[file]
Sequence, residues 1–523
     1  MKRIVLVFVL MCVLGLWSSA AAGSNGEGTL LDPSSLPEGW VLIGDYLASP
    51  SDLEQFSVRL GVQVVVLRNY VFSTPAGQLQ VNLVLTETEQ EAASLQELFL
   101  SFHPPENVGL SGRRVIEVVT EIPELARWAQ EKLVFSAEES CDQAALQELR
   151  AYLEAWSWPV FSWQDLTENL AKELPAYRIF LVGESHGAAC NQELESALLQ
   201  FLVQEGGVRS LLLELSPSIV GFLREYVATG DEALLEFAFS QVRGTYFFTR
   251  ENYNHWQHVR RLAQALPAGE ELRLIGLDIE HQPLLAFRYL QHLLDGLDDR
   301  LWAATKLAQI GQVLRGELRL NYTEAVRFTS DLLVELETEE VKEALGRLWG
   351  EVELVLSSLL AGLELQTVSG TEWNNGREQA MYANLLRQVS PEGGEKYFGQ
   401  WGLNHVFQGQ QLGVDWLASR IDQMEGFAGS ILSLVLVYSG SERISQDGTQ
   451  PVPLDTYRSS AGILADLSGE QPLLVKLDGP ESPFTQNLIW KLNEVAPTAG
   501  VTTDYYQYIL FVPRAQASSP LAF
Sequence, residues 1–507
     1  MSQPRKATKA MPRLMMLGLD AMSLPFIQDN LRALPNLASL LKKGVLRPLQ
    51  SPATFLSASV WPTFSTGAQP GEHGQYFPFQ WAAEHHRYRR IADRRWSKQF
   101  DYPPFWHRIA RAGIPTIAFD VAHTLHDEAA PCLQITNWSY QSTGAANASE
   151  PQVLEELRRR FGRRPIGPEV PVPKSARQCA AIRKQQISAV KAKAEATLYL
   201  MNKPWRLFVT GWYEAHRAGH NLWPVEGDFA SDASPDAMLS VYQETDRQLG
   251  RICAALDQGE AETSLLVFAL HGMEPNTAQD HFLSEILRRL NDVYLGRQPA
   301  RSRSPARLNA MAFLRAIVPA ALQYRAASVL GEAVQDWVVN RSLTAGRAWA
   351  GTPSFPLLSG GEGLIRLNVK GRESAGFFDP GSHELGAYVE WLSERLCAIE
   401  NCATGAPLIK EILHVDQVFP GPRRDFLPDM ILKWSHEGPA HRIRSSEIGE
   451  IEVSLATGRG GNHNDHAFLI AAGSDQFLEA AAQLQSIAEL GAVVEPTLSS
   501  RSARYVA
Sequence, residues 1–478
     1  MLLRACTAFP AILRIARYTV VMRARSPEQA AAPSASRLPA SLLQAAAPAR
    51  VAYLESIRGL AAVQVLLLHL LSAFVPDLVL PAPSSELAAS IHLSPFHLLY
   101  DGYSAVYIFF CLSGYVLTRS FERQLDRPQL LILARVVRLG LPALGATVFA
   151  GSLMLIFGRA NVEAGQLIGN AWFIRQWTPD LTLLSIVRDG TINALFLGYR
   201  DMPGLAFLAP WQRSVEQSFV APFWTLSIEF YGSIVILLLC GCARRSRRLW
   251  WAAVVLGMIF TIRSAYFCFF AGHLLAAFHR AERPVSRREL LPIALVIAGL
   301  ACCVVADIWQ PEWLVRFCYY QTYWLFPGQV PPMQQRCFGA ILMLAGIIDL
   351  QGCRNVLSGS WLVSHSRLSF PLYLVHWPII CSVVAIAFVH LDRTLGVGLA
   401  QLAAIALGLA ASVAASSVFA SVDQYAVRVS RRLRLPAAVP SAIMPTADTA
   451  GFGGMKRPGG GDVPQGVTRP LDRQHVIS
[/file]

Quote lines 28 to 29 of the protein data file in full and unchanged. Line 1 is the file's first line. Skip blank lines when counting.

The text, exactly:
   101  DGYSAVYIFF CLSGYVLTRS FERQLDRPQL LILARVVRLG LPALGATVFA
   151  GSLMLIFGRA NVEAGQLIGN AWFIRQWTPD LTLLSIVRDG TINALFLGYR